In a public key infrastructure, a root CA (say, Verisign) uses its private key to sign the public-key certificates of intermediate certificate authorities (say, Thawte).  The intermediate CAs then use their private key to sign the public-key certificates of their customers (say, www.google.com).  When you visit Google’s site using HTTPS, Google provides you both their certificate and Thawte’s certificate.  (The chained relationship Verisign-Thawte-Google is sometimes called the “chain of trust”.)  Your browser uses the certificates provided by Google, plus the Verisign root certificate (bundled with the browser), to verify that the chain of trust is unbroken.

[I use Google as the example here, since you can visit https://www.google.com and configure your browser to show the certificates that Google provides.  However, I have no knowledge of Google’s contractual relationship with Thawte.  My assertions below about Google are speculative, but the overall example is valid.]

Recently I was asked “We have been trying to understand Certificate Chaining and Self Signing.  Would a company [like Google] be allowed to purchase one certificate from a Certificate issuer like Verisign and then issue its own signed additional certificates for additional use?”

Great question!  (Where “great question” is defined as “um, I don’t know, let me check into that.”)  It turns out the answer is no, a company’s certificate(s) cannot be used to sign other certificates.

Using Google as an example, the principal reason is that neither Verisign nor Thawte let Google act as an “intermediate certificate authority.”  It’s (1) likely against the license agreement under which Thawte signed Google’s certificate, and (2) prohibited by metadata fields inside both Thawte’s certificate and Google’s certificate:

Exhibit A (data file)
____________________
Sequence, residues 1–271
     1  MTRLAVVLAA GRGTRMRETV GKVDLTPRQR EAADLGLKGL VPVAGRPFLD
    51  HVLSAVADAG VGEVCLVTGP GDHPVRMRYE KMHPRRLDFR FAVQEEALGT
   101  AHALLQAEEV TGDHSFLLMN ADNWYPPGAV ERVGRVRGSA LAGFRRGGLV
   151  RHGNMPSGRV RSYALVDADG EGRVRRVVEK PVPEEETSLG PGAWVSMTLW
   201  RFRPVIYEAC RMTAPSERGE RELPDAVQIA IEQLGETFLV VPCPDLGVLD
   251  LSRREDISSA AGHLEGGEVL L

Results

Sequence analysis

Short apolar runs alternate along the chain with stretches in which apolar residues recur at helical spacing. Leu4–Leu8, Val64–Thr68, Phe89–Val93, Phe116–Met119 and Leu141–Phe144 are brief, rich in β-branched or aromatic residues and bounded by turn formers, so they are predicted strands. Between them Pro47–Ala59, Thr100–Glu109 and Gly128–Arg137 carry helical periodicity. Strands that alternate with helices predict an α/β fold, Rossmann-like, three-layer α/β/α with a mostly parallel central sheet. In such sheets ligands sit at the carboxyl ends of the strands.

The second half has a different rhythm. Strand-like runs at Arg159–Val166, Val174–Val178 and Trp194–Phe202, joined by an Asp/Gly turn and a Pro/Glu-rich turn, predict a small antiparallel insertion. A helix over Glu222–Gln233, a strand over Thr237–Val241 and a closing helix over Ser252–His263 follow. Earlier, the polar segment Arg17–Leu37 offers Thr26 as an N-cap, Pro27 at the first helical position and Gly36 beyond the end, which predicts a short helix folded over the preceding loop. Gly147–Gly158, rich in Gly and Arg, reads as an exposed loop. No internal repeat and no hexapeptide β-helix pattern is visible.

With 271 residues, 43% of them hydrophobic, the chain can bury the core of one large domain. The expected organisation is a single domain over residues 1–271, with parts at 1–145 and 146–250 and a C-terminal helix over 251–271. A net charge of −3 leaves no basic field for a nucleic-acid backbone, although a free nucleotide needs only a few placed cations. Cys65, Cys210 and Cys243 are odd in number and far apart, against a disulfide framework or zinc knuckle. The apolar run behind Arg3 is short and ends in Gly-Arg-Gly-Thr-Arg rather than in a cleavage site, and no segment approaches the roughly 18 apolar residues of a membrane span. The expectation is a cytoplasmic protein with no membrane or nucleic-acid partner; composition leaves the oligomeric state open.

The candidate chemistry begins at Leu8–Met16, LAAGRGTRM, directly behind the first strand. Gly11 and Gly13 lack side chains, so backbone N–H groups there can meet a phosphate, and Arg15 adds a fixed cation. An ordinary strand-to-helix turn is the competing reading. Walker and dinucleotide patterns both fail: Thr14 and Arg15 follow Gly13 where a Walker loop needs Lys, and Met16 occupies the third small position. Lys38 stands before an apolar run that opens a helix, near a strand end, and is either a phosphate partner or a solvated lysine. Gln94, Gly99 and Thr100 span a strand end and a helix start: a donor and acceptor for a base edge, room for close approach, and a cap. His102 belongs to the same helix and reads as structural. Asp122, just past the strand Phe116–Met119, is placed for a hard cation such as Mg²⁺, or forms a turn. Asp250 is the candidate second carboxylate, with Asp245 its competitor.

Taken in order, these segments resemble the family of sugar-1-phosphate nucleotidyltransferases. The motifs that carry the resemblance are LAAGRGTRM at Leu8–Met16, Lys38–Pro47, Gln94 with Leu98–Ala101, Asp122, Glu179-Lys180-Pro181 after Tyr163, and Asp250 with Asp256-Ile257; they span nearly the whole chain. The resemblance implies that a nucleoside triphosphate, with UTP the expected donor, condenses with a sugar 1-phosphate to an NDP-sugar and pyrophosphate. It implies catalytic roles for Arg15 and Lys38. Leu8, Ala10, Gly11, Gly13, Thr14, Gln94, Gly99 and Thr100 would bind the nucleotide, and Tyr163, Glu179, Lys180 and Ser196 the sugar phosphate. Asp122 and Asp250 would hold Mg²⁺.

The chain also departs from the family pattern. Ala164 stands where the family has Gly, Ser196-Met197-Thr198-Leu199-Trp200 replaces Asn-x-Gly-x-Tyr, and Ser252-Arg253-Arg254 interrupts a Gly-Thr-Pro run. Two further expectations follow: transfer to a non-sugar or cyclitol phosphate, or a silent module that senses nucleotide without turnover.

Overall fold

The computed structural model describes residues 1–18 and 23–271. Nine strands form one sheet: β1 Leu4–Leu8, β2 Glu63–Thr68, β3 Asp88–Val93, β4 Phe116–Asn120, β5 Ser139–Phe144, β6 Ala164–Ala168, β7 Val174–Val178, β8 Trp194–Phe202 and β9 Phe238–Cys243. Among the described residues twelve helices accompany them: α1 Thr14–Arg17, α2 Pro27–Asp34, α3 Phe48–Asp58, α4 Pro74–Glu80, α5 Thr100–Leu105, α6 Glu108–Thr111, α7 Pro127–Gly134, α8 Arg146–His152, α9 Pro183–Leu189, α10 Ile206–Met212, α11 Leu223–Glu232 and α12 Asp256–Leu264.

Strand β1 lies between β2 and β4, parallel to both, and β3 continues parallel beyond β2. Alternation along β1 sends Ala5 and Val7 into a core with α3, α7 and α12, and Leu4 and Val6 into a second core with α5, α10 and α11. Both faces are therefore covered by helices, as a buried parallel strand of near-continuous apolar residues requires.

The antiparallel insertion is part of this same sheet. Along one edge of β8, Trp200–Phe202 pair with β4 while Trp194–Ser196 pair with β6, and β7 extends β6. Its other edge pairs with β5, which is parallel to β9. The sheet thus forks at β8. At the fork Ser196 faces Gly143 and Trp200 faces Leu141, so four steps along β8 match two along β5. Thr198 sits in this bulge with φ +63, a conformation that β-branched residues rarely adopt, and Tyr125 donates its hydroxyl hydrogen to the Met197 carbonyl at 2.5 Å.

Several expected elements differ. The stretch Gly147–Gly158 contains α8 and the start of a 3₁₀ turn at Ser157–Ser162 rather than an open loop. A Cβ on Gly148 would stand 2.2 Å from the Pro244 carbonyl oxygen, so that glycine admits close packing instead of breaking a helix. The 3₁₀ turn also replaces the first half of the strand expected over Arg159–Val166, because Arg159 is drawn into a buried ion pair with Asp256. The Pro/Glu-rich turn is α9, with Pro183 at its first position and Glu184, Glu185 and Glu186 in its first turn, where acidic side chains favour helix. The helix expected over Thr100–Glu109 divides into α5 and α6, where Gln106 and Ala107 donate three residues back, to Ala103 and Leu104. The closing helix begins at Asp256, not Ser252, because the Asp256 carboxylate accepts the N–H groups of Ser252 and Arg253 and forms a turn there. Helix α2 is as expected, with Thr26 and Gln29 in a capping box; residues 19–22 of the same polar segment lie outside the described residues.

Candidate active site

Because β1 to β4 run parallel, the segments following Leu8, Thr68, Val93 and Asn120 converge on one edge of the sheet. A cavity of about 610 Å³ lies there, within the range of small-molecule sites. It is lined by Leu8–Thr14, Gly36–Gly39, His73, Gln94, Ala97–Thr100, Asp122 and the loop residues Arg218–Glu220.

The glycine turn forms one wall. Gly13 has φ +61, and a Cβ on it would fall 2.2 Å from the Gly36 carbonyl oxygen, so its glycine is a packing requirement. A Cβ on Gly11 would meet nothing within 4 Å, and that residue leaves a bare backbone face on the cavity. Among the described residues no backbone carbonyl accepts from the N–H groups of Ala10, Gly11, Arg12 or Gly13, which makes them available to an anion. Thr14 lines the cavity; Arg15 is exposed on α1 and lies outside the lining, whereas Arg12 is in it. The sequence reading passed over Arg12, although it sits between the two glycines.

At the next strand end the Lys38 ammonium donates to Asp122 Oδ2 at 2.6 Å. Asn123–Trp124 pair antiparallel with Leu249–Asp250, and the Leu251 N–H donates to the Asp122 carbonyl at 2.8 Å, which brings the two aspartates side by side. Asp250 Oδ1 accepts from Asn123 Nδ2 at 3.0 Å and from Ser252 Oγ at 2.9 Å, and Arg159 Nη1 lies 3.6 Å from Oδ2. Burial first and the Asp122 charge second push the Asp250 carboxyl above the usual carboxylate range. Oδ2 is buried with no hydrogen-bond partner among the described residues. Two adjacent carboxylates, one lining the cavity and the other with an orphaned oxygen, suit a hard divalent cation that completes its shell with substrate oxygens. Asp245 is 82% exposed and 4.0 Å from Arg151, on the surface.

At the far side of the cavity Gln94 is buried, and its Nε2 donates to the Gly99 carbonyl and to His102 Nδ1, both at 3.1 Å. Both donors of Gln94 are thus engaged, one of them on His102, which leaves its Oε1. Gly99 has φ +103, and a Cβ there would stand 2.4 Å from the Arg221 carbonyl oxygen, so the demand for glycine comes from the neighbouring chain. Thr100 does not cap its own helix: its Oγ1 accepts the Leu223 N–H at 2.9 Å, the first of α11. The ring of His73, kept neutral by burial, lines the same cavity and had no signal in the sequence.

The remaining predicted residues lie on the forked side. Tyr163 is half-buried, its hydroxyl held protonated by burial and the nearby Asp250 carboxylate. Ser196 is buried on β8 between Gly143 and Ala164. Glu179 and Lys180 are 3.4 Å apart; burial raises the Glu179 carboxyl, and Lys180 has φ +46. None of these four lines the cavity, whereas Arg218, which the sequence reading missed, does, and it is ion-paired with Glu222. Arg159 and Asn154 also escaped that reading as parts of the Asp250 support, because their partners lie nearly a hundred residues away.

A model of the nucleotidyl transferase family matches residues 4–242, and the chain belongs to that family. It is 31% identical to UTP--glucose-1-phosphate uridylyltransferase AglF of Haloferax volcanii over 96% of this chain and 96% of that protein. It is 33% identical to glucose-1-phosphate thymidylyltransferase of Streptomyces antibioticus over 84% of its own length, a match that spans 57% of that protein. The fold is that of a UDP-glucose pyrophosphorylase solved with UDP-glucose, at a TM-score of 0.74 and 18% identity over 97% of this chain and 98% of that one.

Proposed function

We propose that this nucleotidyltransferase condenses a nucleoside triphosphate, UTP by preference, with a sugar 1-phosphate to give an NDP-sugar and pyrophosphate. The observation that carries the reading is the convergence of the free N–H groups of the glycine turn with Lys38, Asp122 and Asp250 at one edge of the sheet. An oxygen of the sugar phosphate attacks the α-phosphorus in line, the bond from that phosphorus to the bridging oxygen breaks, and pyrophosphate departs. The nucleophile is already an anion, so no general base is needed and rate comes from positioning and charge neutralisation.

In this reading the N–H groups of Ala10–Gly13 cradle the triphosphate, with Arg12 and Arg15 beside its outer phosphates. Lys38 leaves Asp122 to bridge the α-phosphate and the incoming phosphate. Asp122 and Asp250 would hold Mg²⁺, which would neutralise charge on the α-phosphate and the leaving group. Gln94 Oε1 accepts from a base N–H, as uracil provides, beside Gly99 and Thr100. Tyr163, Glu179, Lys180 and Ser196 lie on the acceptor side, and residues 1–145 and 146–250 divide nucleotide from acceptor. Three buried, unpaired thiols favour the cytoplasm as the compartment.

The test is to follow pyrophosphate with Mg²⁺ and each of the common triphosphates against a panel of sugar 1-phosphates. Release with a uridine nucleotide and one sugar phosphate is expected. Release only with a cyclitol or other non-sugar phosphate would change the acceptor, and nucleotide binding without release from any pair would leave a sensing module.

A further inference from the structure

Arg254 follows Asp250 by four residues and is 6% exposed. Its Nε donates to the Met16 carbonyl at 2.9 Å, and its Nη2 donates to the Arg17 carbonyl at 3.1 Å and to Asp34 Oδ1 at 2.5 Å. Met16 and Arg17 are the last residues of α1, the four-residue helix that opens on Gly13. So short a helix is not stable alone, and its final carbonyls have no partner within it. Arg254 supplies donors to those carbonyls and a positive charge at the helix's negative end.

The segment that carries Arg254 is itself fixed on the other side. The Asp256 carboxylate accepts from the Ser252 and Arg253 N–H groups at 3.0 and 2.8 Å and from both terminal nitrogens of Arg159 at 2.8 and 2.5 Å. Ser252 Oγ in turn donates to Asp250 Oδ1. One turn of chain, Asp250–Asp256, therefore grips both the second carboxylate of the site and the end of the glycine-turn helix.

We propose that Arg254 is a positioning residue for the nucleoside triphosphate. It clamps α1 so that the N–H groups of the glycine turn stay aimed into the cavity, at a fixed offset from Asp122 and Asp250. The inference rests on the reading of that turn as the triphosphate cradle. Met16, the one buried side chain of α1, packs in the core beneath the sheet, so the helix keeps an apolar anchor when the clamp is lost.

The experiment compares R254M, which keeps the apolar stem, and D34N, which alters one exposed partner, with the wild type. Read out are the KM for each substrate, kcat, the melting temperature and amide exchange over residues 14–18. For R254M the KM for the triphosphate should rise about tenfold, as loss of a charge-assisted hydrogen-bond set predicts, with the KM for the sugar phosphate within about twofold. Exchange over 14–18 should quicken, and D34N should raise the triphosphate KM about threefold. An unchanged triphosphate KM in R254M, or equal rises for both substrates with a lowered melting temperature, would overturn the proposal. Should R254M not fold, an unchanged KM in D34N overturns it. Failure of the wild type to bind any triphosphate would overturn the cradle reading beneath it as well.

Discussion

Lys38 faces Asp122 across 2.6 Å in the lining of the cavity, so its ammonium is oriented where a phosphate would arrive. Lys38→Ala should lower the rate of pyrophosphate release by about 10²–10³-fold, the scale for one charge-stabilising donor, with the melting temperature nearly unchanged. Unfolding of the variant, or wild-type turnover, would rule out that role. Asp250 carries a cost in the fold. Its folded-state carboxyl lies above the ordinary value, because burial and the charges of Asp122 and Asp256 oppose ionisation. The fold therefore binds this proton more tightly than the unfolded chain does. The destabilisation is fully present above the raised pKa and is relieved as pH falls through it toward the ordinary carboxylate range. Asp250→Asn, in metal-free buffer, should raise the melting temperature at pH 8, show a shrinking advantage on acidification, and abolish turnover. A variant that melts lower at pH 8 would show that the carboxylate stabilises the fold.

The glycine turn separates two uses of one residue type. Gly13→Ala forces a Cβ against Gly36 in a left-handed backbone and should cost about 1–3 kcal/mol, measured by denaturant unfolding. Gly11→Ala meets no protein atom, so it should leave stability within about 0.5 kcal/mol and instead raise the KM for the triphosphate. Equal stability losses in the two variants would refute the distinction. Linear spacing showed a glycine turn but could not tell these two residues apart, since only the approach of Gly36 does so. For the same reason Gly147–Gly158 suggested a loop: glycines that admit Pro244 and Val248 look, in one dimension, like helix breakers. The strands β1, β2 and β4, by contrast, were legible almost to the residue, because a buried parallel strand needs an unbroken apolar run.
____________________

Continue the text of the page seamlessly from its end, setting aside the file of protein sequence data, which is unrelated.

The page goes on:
• Google’s certificate is prohibited from signing other ones because of a flag inside the certificate metadata.  (Specifically, their Version 3 certificate has an Extension called Certificate Basic Constraints that has a flag Is not a Certificate Authority.)  And Google can’t modify their certificate to change this flag, because then signature validation would fail (your browser would detect that Google’s modified certificate doesn’t match the original certificate that Thawte signed).
  • Certificates signed by Thawte’s certificate cannot be used as Certificate Authorities (CAs) because of a flag inside Thawte’s certificate.  (Specifically, their Version 3 certificate has an Extension called Certificate Basic Constraints that has an field Maximum number of intermediate CAs that’s set to zero, meaning that no verification program should accept any certificates that we signed using their key.)

If your company needs to issue its own signed certificates, for example to protect your internal servers, it’s relatively easy to do.  All you have to do is run a program that generates a root certificate.  You would then be like Verisign in that you could issue and sign as many other certificates as you wanted.  (The down side of your “private PKI” is that none of your users’ browsers would initially recognize your root certificate as a valid certificate.  For example, anyone surfing to a web page protected by certificates you signed would get a big warning page every time, at least until they imported your root certificate’s signature to their trusted-certificates list.)

The article I found most helpful in digging up this answer is here:

(The full name of the X.509 standard is the far worse ITU-T Recommendation X.509: Information technology – Open systems interconnection – The Directory: Public-key and attribute certificate frameworks.  One name with four hyphens, two colons, and the hyphenated equivalent of comma splicing?  Clearly rigorous scientific work.)